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Longman Dictionary of Contemporary English
supply-side economics
▪ And they all hold supply-side economics in contempt.
▪ But the disdain of these accomplished economists for supply-side economics can easily be deduced from their writings and congressional testimony.
▪ He knew what Greenpeace was, and the geodesic dome, and sado-masochism, and even supply-side economics.
▪ He rebukes Steve Forbes' brand of supply-side economics.
▪ Kemp was a leading advocate of supply-side economics when the theory got its first trial in the income tax cuts of 1981.
▪ That's when - you know, you've heard about supply-side economics.
▪ The recipe of supply-side economics can be illustrated by reference to Fig. 10-6.
▪ These economists all knew that supply-side economics is trash for one simple reason.
supply-side economics

n. a branch of economics that focuses on the supply side of the economy and on tax reductions

supply-side economics

n. the school of economic theory that stresses the costs of production as a means of stimulating the economy; advocates policies that raise capital and labor output by increasing the incentive to produce

Supply-side economics

Supply-side economics is a macroeconomic theory that argues economic growth can be most effectively created by investing in capital and by lowering barriers on the production of goods and services. According to supply-side economics, consumers will then benefit from a greater supply of goods and services at lower prices; furthermore, the investment and expansion of businesses will increase the demand for employees and therefore create jobs. Typical policy recommendations of supply-side economists are lower marginal tax rates and less government regulation.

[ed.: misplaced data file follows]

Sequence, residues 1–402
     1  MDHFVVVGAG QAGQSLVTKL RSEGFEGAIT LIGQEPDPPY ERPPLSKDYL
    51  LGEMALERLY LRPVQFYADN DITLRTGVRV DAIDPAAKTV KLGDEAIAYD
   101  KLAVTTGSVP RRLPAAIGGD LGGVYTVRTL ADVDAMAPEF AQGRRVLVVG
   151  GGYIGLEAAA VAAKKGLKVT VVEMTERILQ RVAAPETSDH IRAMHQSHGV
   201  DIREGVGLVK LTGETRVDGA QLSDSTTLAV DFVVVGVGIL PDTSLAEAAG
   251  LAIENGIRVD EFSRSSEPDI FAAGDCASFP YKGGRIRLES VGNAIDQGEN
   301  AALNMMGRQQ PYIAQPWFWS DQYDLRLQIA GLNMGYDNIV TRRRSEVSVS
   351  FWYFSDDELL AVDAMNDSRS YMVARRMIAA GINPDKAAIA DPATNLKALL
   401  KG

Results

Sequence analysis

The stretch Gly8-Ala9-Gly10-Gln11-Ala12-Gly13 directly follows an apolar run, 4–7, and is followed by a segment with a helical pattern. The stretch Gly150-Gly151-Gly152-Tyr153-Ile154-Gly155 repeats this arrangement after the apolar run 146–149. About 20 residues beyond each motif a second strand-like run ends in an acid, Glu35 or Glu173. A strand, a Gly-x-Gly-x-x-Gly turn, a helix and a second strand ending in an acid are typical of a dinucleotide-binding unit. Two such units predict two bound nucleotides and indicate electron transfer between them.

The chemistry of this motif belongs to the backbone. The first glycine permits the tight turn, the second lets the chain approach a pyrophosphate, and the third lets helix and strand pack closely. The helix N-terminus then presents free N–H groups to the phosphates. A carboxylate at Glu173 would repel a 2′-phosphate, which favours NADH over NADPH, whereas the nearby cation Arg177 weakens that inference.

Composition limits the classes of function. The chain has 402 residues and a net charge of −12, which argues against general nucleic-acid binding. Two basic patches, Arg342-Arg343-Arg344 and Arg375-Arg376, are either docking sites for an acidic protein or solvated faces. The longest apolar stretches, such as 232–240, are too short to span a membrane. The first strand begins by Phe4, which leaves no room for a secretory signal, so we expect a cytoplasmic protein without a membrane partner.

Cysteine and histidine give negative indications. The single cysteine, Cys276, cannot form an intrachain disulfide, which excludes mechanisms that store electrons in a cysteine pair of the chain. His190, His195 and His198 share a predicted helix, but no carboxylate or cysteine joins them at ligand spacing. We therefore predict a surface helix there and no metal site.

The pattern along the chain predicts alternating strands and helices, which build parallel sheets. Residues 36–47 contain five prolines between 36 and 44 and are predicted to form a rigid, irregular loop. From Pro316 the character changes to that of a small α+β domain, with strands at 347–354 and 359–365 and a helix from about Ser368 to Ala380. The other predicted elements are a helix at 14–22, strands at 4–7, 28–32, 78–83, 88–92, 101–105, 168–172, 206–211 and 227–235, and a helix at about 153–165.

The term "supply-side economics" was thought, for some time, to have been coined by journalist Jude Wanniski in 1975, but according to Robert D. Atkinson's Supply-Side Follies, the term "supply side" ("supply-side fiscalists") was first used by Herbert Stein, a former economic adviser to President Nixon, in 1976, and only later that year was this term repeated by Jude Wanniski. Its use connotes the ideas of economists Robert Mundell and Arthur Laffer. Supply-side economics is likened by critics to the theory of trickle-down economics, which may, however, not actually have been seriously advocated by any economist in that form.

The Laffer curve illustrates a central theory of supply-side economics, that lowering tax rates may generate more government revenue than would otherwise be expected at the lower tax rate because moving off of a prohibitively high tax system could generate more economic activity, which would lead to increased opportunities for tax revenues. However, the Laffer curve only measures the rate of taxation, not tax incidence, which is a stronger predictor of whether a tax code change is stimulative or dampening. In addition, studies have shown that tax cuts done in the US in the past several decades seldom recoup revenue losses and have minimal impact on GDP growth.

Usage examples of "supply-side economics".

The new administration marched under the banner of supply-side economics, a belief that the economy thrives by stimulating the production of goods and services (the supply side) because (according to advocates of the theory) supply creates demand.

All futile efforts to find ways to stop the continual expansion possible with supply-side economics.

Just get one of those things in Earth orbit, where we can go into, uh, a mining mode, and supply-side economics can work.

He quickly gathered that most of the people around him believed in astrology, psychics, cosmetic surgery, and supply-side economics, and that some few among them were alarmed by the trend toward virtual actors.